I’d bet that nearly every human resources director in town forwarded George Donnelly’s piece about the Greater Boston housing market to their CEO (“A broken real estate market,” Opinion, April 11). They know that the housing crunch is bad for business. We risk losing talent to more affordable cities.
According to a 2010 Urban Land Institute report, “There is a shortage of workforce housing near key urban and suburban employment cores.” Ask any local employer: Boston’s housing prices are a major obstacle to attracting or retaining top talent.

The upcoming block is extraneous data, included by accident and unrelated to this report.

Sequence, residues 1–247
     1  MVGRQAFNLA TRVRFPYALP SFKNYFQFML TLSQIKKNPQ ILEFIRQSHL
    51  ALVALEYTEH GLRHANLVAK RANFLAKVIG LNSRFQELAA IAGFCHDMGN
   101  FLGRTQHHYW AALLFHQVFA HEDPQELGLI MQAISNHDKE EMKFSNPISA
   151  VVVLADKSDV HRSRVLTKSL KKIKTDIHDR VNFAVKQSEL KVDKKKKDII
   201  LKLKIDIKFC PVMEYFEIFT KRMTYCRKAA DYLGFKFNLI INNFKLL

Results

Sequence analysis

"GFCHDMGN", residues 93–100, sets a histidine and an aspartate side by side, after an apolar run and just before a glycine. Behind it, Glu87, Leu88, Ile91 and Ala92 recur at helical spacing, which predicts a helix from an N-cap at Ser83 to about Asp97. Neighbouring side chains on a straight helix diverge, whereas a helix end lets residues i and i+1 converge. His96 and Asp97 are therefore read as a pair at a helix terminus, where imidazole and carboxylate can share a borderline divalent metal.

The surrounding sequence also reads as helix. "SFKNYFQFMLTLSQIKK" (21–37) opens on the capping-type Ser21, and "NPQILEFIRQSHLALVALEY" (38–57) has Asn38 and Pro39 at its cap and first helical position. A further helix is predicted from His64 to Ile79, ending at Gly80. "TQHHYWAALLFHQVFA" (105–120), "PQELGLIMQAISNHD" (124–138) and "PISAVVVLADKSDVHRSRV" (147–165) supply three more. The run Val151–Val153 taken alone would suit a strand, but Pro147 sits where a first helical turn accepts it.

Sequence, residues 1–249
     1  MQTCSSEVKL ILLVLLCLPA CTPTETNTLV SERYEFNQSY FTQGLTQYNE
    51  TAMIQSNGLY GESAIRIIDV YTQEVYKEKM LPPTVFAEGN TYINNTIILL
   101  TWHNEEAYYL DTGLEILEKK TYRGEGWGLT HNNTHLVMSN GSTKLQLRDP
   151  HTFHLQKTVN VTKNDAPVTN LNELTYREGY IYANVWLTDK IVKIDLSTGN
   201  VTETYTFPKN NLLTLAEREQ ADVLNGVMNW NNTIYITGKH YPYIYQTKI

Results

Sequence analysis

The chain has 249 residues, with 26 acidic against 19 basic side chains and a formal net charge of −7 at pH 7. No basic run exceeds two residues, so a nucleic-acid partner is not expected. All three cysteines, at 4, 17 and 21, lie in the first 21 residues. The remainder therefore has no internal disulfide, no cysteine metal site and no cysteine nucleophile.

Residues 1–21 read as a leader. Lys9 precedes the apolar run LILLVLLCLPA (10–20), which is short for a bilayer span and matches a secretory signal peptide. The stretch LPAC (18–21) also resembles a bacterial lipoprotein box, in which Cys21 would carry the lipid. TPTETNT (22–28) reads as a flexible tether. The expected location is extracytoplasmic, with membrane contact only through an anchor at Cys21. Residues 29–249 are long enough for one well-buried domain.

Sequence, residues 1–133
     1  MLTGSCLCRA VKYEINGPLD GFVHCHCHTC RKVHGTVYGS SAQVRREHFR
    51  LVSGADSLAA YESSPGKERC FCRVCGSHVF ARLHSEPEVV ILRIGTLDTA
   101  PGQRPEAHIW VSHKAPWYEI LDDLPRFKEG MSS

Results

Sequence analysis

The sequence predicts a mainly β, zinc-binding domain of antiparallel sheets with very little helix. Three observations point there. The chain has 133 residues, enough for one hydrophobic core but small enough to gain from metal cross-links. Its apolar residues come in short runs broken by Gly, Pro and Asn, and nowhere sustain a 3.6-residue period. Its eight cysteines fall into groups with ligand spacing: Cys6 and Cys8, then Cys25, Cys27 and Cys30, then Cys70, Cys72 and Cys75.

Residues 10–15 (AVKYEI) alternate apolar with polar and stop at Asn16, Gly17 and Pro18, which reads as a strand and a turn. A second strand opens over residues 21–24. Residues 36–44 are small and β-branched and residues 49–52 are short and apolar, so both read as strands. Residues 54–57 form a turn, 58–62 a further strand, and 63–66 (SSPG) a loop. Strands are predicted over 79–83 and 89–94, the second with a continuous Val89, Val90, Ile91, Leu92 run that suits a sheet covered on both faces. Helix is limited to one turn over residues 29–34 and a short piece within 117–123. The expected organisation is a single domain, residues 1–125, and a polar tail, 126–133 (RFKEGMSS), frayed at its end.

Potential employees — especially those just getting started in their careers — are often forced to depart for cities where the cost of that first home doesn’t come with a dizzying price tag. Many of the ambitious and creative young people Boston loses to more affordable locales are from diverse backgrounds. They’re the talent Boston employers need and want, but housing sticker shock is causing them to pack their bags.
Tackling the high cost of workforce housing is a business imperative. If the people who want to work here can’t afford to live here, how will our economy continue to thrive?